I haven't seen any wrong-way drivers on Huron street since I wrote about the problem late last month, but then again, I haven't driven Huron at night much since then. The multiple occasions when I observed wrong-way traffic on the one-way section south of The Blade have tended to be well after dark, possibly involving drivers who don't visit downtown much but were in Toledo for nightlife or to attend an event at the Huntington Center or Fifth Third Field.
This is what the intersection of Huron and Adams looked like to a northbound motorist on Huron on Dec. 14, the night that a wrong-way car and a TARTA bus collided at Huron and Jackson. You can see the bus and the police-car lights at the distant intersection. Two of the three Do Not Enter signs on the traffic-signal posts are also fairly obvious, but what most dramatically stands out is the green from the traffic lights -- the glare from which is obscuring the third Do Not Enter sign, mounted in between them.
I'm generally not a believer in spending a lot of public money for extra signs and lights to coddle motorists who, if they would just put their cell phones down and stop trying to fix their hair or read magazines while driving, could get by just fine with their eyes and ears devoted to watching the road ahead. But the transition on Huron Street from two-way to one-way traffic is a very unusual situation, and that makes me more sympathetic to drivers who run afoul of it. And run afoul of this one they do. When I mentioned to co-workers that I was working on this story, several told me they, too, have seen wrong-way drivers on the one-way section. A few said they avoid Huron Street entirely because of that.
The article also inspired an e-mail exchange with Larry Robinson, a computer instructor at a technical college in Indiana whose research includes traffic-signal systems and who also apparently has a deep personal interest in traffic engineering. He reinforced what city officials told me for the article: that green arrows left and right in place of the full green signals shown in the picture would not be permissible under the Manual of Uniform Traffic Control Devices. The reason is that an arrow of any kind signifies a "protected movement" with no other traffic having a conflicting right-of-way, and that includes pedestrian traffic. With a full green, motorists making a turn are required to yield to opposing traffic or pedestrians in crosswalks, but a motorist whose movement is governed by an arrow is presumed to have exclusive right-of-way. In practice, I'm not sure that makes much of a difference in Toledo, which seems plagued with earbud-wearing walkers who pay little attention to the traffic lights and walk signals when they step out into traffic, but the legal ramifications are clear.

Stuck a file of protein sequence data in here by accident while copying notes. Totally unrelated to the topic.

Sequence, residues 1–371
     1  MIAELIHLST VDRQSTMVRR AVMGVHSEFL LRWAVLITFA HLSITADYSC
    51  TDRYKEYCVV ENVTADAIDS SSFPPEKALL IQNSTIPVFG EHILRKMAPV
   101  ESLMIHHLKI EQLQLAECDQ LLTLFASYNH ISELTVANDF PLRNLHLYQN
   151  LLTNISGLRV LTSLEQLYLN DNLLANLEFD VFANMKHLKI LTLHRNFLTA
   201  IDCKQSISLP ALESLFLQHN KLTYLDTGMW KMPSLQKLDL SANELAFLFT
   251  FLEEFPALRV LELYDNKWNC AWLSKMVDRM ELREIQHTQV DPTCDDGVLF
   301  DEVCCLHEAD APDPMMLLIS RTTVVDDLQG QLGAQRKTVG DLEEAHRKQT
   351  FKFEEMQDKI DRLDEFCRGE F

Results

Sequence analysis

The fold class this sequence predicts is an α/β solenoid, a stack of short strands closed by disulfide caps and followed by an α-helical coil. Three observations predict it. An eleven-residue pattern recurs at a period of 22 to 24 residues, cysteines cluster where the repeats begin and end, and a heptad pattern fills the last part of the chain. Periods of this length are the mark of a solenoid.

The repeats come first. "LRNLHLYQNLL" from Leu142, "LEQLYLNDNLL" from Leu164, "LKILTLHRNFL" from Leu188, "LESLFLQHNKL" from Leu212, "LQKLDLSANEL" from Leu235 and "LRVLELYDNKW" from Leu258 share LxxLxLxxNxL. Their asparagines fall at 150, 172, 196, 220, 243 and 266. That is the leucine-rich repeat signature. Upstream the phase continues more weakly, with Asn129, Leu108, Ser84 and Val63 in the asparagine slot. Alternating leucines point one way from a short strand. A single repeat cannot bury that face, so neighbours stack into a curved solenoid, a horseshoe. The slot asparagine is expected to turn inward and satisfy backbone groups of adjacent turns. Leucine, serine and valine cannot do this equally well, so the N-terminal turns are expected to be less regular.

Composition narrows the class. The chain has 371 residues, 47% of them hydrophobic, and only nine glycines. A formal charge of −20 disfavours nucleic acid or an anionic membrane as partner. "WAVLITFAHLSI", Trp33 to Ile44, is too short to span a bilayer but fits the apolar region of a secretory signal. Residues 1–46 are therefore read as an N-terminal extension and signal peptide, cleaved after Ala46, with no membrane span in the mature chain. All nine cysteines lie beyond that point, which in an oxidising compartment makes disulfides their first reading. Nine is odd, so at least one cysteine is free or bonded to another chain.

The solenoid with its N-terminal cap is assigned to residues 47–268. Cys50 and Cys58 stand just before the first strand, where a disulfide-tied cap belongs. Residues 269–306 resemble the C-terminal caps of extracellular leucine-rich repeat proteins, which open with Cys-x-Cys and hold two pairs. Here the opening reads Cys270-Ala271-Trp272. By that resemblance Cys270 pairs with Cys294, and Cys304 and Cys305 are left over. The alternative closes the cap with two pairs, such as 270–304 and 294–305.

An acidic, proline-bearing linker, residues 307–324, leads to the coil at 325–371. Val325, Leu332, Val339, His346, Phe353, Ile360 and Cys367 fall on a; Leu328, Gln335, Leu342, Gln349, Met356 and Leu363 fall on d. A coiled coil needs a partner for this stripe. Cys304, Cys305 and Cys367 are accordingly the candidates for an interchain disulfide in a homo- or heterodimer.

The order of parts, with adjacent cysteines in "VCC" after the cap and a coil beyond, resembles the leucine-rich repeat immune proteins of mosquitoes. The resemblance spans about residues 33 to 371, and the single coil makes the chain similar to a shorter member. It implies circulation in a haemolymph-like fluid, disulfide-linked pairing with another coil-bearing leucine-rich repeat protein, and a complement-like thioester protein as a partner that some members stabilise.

What, then, to do? The city says those Do Not Enter signs on the signal masts are highly reflective -- something my puny cell-phone camera's picture doesn't represent, but which was proven as I drove away and stepped on my brakes to see how well that showed up on the signs -- and thus should be sufficient warning for drivers. But I'm not convinced they're adequate, especially considering the arena is little more than a block away and a significant amount of downtown Toledo nightlife is not too much farther down Huron. Put an unfamiliar driver on that street, at night, possibly on a cell-phone asking somebody for directions home, and you've got a recipe for trouble.
My modest proposal: replace one of those Do Not Enter signs with an LED model that is either continuously lit, lit only at night, or lit only when the light is green or yellow. Mr. Robinson says the latter two options would violate the traffic-control manual, because having such a sign lit only part-time would suggest a straight movement is legal at other times. My take is that there would still be Do Not Enter signs present at all times, and by lighting up only when the stoplight is green or yellow -- my preferred option -- such a sign's attention-getting value would be maximized. But if Mr. Robinson is right, I'd certainly be satisfied with a continuously lit Do Not Enter sign or, as a cheaper alternative, adding blinking red LEDs to the borders of one or more of the existing Do Not Enter signs in a fashion similar to many rural Stop signs in the Toledo area. Either would give inattentive or confused drivers an extra warning about an unusual, and dangerous, traffic pattern that apparently is going to be around for a few years until the city is ready to convert the rest of Huron Street to two-way traffic.